Fuel Tank : ~ 440 liters , single tank under pilothouse sole, integral, with baffle. Large inspection and clean out port. Tank cleaned by hand regularly, last time was in Hawaii June 2013.

Water Tankage: 2 plastic under aft cabin berth with 79 and 110 liters, 2 integral under main cabin sole with 100 and 50 liters each. Accessed by foot  or electric pump in galley.

Salwater footpump in galley.

THROUGH HULLS : 2 ( TWO) 1 for galley sink outlet, about 4″ below waterline, and 1 for saltwater intake , a welded , valved T off the cockpit drain pipe. Head intake is off the same salt water intake, and head outlet is 3″ above the water line, not scenic , but safe.

Toilet : Lavac vaccum type.

Holding tank , plastic 35 liter , not installed, available for installation if needed.

ENGINE : Isuzu C240 1993 5860 hrs from new. Naturally aspirated. KEEL-COOLED to rudder skeg, with dry exhaust ( stainless steel pipe with muffler). I am in the process of replacing the exhaust pipe and muffler at the moment, the pipe was scrap yard salvage when I bought it, but did last about 18 years. Replacing with new.

Hurth 250 gearbox. No problems

17 x 16 bronze 3 blade prop, 1 1/4″ monel shaft, conventional stuffing box with grease gun plumbed between stuff box and cutless bearing.

Spares : Alternator, alternator regulator, Starter, all Filters, spare Propellor, spare shaft.

The only engine water pump is the integral metal vane pump in the  Isuzu. There is no rubber vane pump because of the dry exhaust and keel cooling.

Other spares: assorted electrical bits, incl multimeter, wire , end fittings  bulbs, solder gun ( butane) , solder

assorted SS fasteners


* Vesper/ACR * AIS system TRANSPONDER with very loud alrm, on/off switch for transmitter for ‘stealth/paranoia mode’, stand-alone ; it can be linked to computer but it is not required for full function. Separate GPS and VHF antennas for AIS

Furuno GP 32 GPS

Icom 8000 VHF ( actually a 2m ham radio with marine frequencies programmed), 5, 25 , 75 watts

Another VHF under the dodger, in the cockpit, which brand name I cannot remember, a usual marine VHF radio.

In total there are 3 VHF antennas, for radios and AIS, 2 on radar arch and 1 on masthead.

Icom 718 HF/SSB Ham radio with full marine frequency access linked to SGC 235 antenna tuner mounted on radar arch with extra weather proof cover.

If interested and there is time, I can expedite the acquisition of a Canadian Amateur Radio License ( ‘Ham license’), a useful tool.

Pactor Modem Pactor II USBwith pactor III upgrade.

Raytheon R10X CRT radar: perfect condition

Sony ICF 2010 SW receiver

Weems and Plath digital 48 hr Barograph- a great instrument.

Traditional analogue wall mounted barometer.

Interior/exterior thermometer

Eagle Depth Sounder, transducer is protected aft of the starboard keel.

Blue Sky MPPT Solar Controller, with on/off switch, controlling a pair of Kyocera 85 watt SOLAR PANELS (2010) mounted above everything on radar arch, with little shadowing. Pivots fore and aft.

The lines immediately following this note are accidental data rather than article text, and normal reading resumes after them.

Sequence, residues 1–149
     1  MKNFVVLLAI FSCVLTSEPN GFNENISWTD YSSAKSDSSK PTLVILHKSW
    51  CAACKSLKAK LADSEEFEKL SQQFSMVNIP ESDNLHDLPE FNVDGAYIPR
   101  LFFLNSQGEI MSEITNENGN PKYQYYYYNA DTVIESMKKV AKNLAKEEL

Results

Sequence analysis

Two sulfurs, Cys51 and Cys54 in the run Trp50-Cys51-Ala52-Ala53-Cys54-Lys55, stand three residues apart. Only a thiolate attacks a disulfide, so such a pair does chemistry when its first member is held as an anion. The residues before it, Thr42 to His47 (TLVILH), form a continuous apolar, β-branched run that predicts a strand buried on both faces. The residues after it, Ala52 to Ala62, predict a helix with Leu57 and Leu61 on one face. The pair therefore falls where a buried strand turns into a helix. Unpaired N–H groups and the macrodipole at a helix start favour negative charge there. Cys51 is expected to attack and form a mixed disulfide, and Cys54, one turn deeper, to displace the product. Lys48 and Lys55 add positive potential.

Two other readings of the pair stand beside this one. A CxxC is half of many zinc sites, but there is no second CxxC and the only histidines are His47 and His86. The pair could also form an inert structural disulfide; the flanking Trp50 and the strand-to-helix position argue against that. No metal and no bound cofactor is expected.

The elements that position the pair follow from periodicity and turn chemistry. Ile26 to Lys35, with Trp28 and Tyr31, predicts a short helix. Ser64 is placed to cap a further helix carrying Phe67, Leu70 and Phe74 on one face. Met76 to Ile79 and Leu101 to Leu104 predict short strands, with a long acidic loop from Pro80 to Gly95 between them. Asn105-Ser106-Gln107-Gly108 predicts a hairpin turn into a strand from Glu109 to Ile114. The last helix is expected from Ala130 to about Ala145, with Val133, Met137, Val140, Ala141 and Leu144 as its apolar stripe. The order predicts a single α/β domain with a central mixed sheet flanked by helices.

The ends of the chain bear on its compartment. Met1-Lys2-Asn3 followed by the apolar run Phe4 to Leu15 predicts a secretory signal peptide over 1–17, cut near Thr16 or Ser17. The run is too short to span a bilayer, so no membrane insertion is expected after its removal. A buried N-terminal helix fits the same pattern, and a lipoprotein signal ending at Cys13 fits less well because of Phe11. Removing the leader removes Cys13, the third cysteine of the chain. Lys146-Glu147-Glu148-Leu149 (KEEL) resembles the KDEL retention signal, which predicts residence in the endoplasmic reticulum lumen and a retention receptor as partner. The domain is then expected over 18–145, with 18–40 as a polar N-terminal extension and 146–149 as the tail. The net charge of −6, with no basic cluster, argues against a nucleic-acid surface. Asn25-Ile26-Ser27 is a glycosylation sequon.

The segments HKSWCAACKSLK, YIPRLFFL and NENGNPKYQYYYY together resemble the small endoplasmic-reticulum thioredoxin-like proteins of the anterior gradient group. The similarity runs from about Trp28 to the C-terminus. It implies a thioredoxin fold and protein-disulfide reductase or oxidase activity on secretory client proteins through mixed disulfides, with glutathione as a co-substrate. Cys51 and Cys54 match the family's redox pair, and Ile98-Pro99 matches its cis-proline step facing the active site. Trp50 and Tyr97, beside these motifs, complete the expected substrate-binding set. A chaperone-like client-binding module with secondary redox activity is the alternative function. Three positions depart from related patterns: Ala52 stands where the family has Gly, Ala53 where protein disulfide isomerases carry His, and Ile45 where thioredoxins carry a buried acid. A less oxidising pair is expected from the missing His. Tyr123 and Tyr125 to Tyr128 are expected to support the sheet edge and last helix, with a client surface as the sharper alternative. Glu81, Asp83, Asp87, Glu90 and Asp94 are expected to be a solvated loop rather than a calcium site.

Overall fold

IN-Charge 3 step Smart Regulator controlling a 110 amp High Output Alternator.

Xantrex Echo-Charger for maintaining charge on Engine Starting Battery.

Trojan T-105 6V deep Cycle house batteries 2010  x 4 for 450 amp hrs storage.

Engel 45 refrigerator /freezer ( either, not both) drawing 2.2 amps for about 50% of operating time, thus about 25 amp hrs per day. Very quiet and efficient. Self contained unit on a sliding ‘drawer’ in passageway, 12 or 110 V.

Kenwood Stereo and 2 cabin speakers, with input jack for ipods/mp3’s etc.

Laptop computer, quite old, so you probably don’t want this even though it is working well and, because it does not have a battery installed it only draws about 1.4 amps. connected through a 12V to 19V convertor.

More importantly there is a USB puck type BU-235 GPS antenna that functions on the inside of the lexan port window.

Navigation Software and E-Charts for many world areas are available for copying to data-stick or whatever.


all interior lights are LED

all Navigation lights are LED, including the masthead tricolor (OGM)

handheld 12 V spotlight

red/white gooseneck nav table light

DINGHY : 10′ folding Portabote 2007 with 2 rowing stations, 1 pair of 7′ wooden oars and a spare pair of shorter aluminum oars. Had a 2 hp Honda o/b but it is very ill, and needs a major overhaul.

Dinghy has a repaired 12″ tear at the bow. (Severe trauma to cause this to thick PVC, another story).

Cockpit Cushions

HEATERS:  Fab-All 120 ( Sigmar, Dickinson: same thing) diesel drip feed carburetor bulkhead mount , with 2 small circulating fans. SS H-type chimney cap on 1 meter  external chimney , with ‘balanced draft’ external air intake. Uses about 4 lkiters per day if on all the time. Even at Tierra Del Fuego in the southern winter, I never left it on overnight.

Carbon Monoxide Detector.

Radex bus-type engine coolant fan driven Heater on separate coolant circuit, with valves; Cosy in cold weather if the engine is running.

I cannot think of anything else, but if I do I’ll add it.